Delve: Writing to Access Your Inner Resources (Freebie!)

Writing to access your inner resources

If you’ve lost touch with you in recent months (or years), you are NOT alone. So much of the frenzy of living in this world takes us away from who we are.

My latest course Delve may be just the antidote. Full of gentle guided journaling exercises, videos, worksheets and additional writing prompts – it is the opportunity to cocoon with a circle of others (plus me!) as we begin writing our way into a new season of self.

Free Worksheet & Clip!

I wanted to offer a teeny-tiny taster of what’s on offer, so download a sample (printable) worksheet here – it’s on the subject of the Borrowed Beliefs we often allow to hold us back – and watch the clip below for a teaser from one of the video sessions.

Find out more about Delve here – and sign up! We start Monday 11th October 2021 and I’d love to see you in the Online Classroom.

Megan x

How Do I Decide What Is Right For Me? (3 Quick Journal Exercises to Try)

In pursuit of magic | How do I decide what is write for me

The stories we tell about ourselves are not often all that helpful. One story that we can all get tragically stuck in is the ‘not for me/for me’ dichotomy. Let me illustrate:

Example A

You see someone leaving a relationship and making a new start alone. You say, ‘I’m not built to be alone; the single life is not for me / the familiarity of coupledom is for me.’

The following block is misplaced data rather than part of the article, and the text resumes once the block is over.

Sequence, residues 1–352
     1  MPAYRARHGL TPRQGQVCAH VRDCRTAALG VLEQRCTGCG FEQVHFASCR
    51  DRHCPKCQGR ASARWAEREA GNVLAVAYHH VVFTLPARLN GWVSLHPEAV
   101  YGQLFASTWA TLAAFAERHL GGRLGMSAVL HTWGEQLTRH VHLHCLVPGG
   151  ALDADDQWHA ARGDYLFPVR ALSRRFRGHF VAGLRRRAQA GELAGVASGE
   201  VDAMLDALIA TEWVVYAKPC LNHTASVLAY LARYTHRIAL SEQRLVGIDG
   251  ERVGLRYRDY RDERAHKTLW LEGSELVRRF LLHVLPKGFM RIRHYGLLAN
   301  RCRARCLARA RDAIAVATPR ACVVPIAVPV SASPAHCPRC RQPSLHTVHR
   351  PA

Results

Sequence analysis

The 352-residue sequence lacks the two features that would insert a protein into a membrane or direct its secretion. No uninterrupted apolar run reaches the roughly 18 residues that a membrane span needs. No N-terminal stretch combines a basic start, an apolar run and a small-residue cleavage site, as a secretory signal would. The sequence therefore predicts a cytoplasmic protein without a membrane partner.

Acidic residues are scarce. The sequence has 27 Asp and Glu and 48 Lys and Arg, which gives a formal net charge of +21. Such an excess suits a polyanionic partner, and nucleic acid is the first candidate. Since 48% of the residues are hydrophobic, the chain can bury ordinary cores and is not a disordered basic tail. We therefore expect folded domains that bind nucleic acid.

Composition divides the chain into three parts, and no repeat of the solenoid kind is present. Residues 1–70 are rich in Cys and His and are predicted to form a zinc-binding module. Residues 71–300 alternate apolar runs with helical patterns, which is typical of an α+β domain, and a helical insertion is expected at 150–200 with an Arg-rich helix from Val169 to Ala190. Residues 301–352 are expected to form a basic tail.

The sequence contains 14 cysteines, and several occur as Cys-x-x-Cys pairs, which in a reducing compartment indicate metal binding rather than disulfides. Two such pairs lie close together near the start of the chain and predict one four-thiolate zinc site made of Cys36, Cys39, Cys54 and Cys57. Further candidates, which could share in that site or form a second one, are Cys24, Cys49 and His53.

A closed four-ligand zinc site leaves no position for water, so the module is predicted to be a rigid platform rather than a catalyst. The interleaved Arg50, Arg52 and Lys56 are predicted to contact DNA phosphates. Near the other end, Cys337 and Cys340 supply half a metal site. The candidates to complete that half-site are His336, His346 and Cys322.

Or, maybe:

Example B

You see someone releasing a creative project, or living a creative life. You say, ‘I’m not creative; creative projects are not for me / practical things are for me’.


Of course, these are all perfectly fine things to decide about oneself (and we are all the final experts on our own selves) IF (and it’s a big if) they are true. 

Problems arise when these scripts about who we are cease to work for us. Or if, tragically, we begin to see that they never worked at all.

Issues lurk if the foundation of the ‘not for me’ thoughts is low self-worth and a lack of self-belief and if the ‘for me’ scripts are simply borne out of habit or social pressure.

We can abandon ourselves when we stick with unhelpful, inaccurate scripts out of misguided beliefs or fear. We also make it nigh on impossible to make the right kinds of decisions for our lives – decisions that may not be the easiest or the most glamorous or the quickest to achieve, but that will be true for us. 

If you find you are often asking yourself the question How Do I Decide What Is Right For Me…

Try these three simple exercises in your journal to help you come to more aligned decisions.

  1. Write a list of things you may have consciously or unconsciously been saying are not for you. Keep an open mind – these aren’t ideas you have to give up, but it will be interesting to get the lay of the land.
  2. Next, write a list beside it of things that you have been consciously or unconsciously believing are for you.
  3. Finally, write a ‘what if’ list. Pick a few of the items from lists one and two (e.g. ‘City living is not for me, marriage is for me, being a writer is not for me, travelling is for me’) and flip each self-concept on its head. Write these as questions and then right a short response. For example:
What if marriage *is not* for me?

I’ve always held up marriage as my ultimate relationship goal, but if I put that down for a moment I can see that a relationship is so much more than a legal document or big ceremony. I see that I’d rather have fulfilling and nourishing encounters with others, where we both feel free as well as held, and that maybe marriage does not have to be a part of that.